Fun Rubber Boa Facts For Kids

Christian Mba
Oct 20, 2022 By Christian Mba
Originally Published on Aug 05, 2021
Edited by Monisha Kochhar
Fact-checked by Deeti Gupta
Rubber boa facts about how it can regulate its body temperature with heat from outside

The rubber boa, or popularly known as northern rubber boa, is a species of snake belonging to North America. They are some of the nonvenomous species of snakes found in the world.

Also, they are the smallest one among the boa snakes family.

The boa got the name rubber boa due to their skin which is loose and full of wrinkles, also consisting of small scales that are smooth and shiny, giving them a rubber-like look.

The color of the rubber boa snake may vary from tan to dark brown, olive-green, yellow, or orange and sometimes with a lighter color on its ventral surface.

The eyes of the rubber boa are slightly unique from the other boa species as they have small eyes with vertically elliptical pupils.

They have a short blunt head with the same width as their body. Sometimes people mistake their tails with their heads as it is the most unique and clean identification of the boa snake which is very easily noticeable.

The distribution of the boa snakes species can be found in various parts of the world such as the western United States, on the Pacific Coast from different parts of east to western Utah and Montana, San Bernardino and San Jacinto Mountains from east of Los Angeles in California.

In terms of the eating habits of boa snakes, they are known to feed on various kinds of small mammals like shrews, voles, mice, and other such creatures.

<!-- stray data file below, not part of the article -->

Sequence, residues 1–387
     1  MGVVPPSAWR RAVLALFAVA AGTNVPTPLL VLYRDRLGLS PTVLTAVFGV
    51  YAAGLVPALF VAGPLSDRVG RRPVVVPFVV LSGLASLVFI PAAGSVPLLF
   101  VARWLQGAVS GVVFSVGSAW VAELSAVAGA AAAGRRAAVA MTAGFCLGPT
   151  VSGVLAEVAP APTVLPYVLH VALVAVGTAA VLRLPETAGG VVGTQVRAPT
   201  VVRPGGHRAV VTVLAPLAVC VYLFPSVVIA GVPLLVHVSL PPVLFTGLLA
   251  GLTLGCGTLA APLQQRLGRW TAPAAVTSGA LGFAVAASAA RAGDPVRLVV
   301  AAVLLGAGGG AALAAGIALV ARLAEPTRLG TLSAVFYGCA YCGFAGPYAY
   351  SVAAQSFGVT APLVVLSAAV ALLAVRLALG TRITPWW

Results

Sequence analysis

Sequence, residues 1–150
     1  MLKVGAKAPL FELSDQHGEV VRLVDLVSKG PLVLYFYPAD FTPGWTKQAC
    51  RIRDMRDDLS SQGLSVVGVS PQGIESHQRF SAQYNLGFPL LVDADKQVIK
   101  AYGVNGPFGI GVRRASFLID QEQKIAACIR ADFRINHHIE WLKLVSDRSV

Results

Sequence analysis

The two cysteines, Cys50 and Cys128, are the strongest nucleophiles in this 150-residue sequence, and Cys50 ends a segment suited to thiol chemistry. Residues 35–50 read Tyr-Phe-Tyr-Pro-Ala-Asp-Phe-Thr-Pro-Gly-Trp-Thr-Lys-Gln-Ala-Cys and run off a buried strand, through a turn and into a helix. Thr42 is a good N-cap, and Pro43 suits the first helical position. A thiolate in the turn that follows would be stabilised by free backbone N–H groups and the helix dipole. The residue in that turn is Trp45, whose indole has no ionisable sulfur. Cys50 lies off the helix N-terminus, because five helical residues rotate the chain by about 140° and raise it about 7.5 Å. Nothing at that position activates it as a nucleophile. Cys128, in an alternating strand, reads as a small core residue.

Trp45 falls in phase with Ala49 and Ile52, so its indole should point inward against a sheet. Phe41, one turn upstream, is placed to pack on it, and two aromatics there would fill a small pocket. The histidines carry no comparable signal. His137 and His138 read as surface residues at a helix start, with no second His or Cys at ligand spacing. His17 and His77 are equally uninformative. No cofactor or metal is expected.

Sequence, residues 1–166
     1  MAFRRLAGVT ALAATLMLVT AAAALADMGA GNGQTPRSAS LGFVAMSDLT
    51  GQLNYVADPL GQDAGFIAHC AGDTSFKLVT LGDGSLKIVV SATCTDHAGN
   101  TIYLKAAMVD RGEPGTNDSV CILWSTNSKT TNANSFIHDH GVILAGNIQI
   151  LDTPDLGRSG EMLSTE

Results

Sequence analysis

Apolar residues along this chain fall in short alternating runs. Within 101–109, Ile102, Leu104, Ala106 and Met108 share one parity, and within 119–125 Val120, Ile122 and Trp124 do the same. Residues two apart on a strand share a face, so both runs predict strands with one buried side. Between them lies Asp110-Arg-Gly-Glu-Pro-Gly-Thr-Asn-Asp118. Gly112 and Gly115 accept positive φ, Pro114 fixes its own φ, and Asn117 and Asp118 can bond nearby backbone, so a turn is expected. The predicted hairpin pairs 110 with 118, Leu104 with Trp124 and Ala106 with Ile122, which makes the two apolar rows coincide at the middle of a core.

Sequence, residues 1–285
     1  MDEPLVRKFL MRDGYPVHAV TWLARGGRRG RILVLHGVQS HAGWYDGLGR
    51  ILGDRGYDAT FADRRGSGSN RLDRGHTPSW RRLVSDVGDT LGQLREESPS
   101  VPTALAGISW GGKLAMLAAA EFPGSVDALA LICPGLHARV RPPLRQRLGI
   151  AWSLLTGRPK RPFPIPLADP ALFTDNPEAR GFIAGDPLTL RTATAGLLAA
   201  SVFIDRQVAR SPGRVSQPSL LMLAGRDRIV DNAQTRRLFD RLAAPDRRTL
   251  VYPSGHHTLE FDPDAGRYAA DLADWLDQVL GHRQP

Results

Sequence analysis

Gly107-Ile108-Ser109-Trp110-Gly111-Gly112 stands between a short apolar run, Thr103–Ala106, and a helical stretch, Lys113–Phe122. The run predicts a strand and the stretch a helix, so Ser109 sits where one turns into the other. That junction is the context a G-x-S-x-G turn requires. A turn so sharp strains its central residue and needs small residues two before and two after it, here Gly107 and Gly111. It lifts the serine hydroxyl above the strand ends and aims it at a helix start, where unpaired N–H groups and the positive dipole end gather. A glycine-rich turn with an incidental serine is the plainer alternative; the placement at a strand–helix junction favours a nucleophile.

Usually, they try to eat the leaf litter or young ones of these animals which are very easy to prey on.

So let's read on to know more about the northern rubber boa and understand how these species stand different from all the other species of snakes.

If you like these facts on rubber boas, you might also like to read our facts on the emerald tree boa and corn snake.

Rubber Boa Interesting Facts

What type of animal is a Rubber Boa?

Rubber boas, scientifically known as the rubber boa Charina bottae, is one of the non-venomous kinds of snake which is found mostly in North America which is why it is also known as northern rubber boa.

What class of animal does a Rubber Boa belong to?

This species of snakes falls under the classification of reptiles or scientifically known as Reptilia. Reptiles are one of the only cold-blooded egg-laying animals to be found in the world.

How many Rubber Boas are there in the world?

No data is presented which tells us exactly how many rubber boas are present currently in the world, though the snake comes under the Least Concern species which means there are still plenty of them available.

Where does a Rubber Boa live?

The climate zones where the northern rubber boa snake is available or seen are plenty. Boas can be found in the continent of Northern America and in some parts of southern America too which gives them the name of southern rubber boa.

What is a Rubber Boa's habitat?

The rubber boa is also known for being in a wide variety of habitats from grassland, meadows, deciduous to coniferous forest. During the time of winter, snakes undergo hibernation because of their habit of living in temperate regions.

They choose dens for that period of time. The northern rubber boa is one the most docile snake species to be known and is often used to overcome the fear of snakes. Also, they are very slow-moving, usually found under logs and rocks in either moist or dry forest habitats.

Who do Rubber Boas live with?

The northern rubber boa snake species are mostly seen living alone or sometimes live with other snakes of the same species but it is very rare to see snakes living together, aside from during mating time, as they prefer to live alone in the open wild.

How long does a Rubber Boa live?